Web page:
Most bills and resolutions languish in committee without any action. Hawley introduced 3 bills in 2019 that got past committee and to the floor for consideration.

Those bills were: S. 998: Supporting and Treating Officers In ...; S. 1521: A bill to amend section ...; S.Res. 266: A resolution congratulating the St. ...

Compare to all Senate Freshmen (44th percentile); Senate Republicans (9th percentile); All Senators (10th percentile).


 

Ranked the 9th bottom/follower compared to All Senators

Our unique leadership analysis looks at who is cosponsoring whose bills. A higher score shows a greater ability to get cosponsors on bills.

For more, see our methodology. Note that because on this page only legislative activity in 2019 is considered, the leadership score here may differ from Hawley’s score elsewhere on GovTrack.

Compare to all Senate Freshmen (33rd percentile); Senate Republicans (11th percentile); All Senators (8th percentile).


 

Got bipartisan cosponsors on the 9th fewest bills compared to All Senators (tied with 1 other)

In this era of partisanship, it is important to see Members of Congress working across the aisle. 6 of Hawley’s 23 bills and resolutions had a cosponsor from a different political party than the party Hawley caucused with in 2019.

Compare to all Senate Freshmen (22nd percentile); Senate Republicans (11th percentile); All Senators (8th percentile).

Cosponsors who caucused with neither the Democratic nor Republican party do not count toward this statistic.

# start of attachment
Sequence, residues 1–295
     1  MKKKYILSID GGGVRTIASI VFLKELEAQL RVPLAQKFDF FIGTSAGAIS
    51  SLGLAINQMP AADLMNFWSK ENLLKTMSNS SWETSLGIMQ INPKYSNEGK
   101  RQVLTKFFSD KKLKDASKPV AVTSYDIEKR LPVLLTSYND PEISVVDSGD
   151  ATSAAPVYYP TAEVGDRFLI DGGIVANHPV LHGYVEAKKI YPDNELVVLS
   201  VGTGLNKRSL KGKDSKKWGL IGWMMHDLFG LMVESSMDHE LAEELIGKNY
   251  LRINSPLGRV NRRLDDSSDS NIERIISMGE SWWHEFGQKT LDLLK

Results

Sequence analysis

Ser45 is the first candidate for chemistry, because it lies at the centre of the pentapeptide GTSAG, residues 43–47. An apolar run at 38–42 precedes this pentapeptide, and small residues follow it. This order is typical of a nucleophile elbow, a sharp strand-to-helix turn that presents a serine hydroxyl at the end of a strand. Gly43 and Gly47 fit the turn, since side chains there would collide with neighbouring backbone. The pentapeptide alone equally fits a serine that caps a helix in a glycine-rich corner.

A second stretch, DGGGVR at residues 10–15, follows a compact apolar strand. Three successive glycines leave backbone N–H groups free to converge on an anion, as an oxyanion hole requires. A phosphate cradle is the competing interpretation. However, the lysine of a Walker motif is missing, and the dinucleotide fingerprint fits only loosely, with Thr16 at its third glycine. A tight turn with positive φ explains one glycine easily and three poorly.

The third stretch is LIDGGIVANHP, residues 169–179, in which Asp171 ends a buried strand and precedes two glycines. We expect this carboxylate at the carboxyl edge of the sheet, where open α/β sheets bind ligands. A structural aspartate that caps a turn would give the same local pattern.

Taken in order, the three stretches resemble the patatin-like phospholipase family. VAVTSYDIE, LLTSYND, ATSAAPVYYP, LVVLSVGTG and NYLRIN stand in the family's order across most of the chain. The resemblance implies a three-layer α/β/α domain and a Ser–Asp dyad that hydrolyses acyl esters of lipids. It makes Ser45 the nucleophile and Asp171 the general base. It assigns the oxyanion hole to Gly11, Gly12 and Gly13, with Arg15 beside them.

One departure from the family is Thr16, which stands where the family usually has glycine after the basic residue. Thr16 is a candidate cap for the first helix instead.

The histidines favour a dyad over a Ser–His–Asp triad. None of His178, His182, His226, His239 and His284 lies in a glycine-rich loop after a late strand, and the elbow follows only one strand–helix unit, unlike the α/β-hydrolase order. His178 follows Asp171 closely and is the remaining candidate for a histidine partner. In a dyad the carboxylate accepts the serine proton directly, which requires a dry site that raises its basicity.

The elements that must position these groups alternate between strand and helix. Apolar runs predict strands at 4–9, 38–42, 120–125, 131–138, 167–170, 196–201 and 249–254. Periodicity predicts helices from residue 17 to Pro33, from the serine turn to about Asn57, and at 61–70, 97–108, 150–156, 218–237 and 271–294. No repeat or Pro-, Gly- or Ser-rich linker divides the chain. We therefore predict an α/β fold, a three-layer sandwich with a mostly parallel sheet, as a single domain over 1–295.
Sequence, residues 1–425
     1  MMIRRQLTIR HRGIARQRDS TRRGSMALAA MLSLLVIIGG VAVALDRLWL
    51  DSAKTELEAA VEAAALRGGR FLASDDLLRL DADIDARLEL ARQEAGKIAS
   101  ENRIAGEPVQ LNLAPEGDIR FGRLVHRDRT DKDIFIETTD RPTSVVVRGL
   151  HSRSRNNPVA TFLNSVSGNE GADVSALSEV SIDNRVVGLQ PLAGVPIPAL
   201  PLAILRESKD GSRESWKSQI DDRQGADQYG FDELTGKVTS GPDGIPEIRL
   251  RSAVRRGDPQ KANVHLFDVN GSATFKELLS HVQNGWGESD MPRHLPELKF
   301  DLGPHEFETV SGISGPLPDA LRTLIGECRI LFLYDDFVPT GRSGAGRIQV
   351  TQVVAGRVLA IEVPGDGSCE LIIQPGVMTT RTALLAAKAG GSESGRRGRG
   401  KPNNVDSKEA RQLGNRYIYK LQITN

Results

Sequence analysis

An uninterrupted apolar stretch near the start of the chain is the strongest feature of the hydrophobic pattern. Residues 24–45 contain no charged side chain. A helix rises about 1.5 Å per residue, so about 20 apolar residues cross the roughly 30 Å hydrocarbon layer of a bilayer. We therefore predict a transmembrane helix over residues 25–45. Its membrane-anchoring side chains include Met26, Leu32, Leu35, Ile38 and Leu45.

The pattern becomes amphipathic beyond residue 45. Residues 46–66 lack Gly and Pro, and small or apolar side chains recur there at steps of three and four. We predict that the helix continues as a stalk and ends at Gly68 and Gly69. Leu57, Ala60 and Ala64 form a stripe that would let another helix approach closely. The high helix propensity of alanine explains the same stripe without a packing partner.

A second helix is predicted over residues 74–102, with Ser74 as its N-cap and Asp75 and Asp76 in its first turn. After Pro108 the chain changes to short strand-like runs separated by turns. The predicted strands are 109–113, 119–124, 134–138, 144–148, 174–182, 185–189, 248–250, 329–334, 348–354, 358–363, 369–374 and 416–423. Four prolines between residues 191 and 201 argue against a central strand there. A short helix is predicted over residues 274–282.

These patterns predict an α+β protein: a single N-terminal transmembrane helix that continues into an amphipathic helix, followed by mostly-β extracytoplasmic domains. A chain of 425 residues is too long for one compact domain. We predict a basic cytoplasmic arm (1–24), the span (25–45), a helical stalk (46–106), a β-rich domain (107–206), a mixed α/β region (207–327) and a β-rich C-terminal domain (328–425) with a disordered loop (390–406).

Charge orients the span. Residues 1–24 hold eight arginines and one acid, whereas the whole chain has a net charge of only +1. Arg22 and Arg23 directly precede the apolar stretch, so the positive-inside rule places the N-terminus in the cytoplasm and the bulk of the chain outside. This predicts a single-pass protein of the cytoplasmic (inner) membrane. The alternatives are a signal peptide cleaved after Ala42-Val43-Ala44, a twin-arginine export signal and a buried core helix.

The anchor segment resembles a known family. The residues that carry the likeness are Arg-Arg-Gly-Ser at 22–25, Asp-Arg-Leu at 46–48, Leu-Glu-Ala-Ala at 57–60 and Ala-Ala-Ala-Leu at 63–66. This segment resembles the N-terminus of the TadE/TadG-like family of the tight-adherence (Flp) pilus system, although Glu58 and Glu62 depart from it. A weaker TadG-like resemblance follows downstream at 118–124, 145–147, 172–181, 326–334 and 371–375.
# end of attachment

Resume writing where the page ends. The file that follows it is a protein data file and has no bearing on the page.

Got the 10th fewest cosponsors on their bills compared to All Senators (tied with 1 other)

Hawley’s bills and resolutions had 74 cosponsors in 2019. Securing cosponsors is an important part of getting support for a bill, although having more cosponsors does not always mean a bill will get a vote. View Bills »

Compare to all Senate Freshmen (33rd percentile); Senate Republicans (13th percentile); All Senators (9th percentile).


 

Got influential cosponsors the 9th least often compared to Senate Republicans (tied with 6 others)

1 of Hawley’s bills and resolutions in 2019 had a cosponsor who was a chair or ranking member of a committee that the bill was referred to. Getting support from committee leaders on relevant committees is a crucial step in moving legislation forward.

Those bills were: S. 998: Supporting and Treating Officers In ...

Compare to all Senate Freshmen (44th percentile); Senate Republicans (15th percentile); All Senators (9th percentile).


 

Introduced the 24th fewest bills compared to All Senators (tied with 5 others)

Hawley introduced 23 bills and resolutions in 2019. View Bills »

Compare to all Senate Freshmen (56th percentile); Senate Republicans (30th percentile); All Senators (23rd percentile).


 

Laws Enacted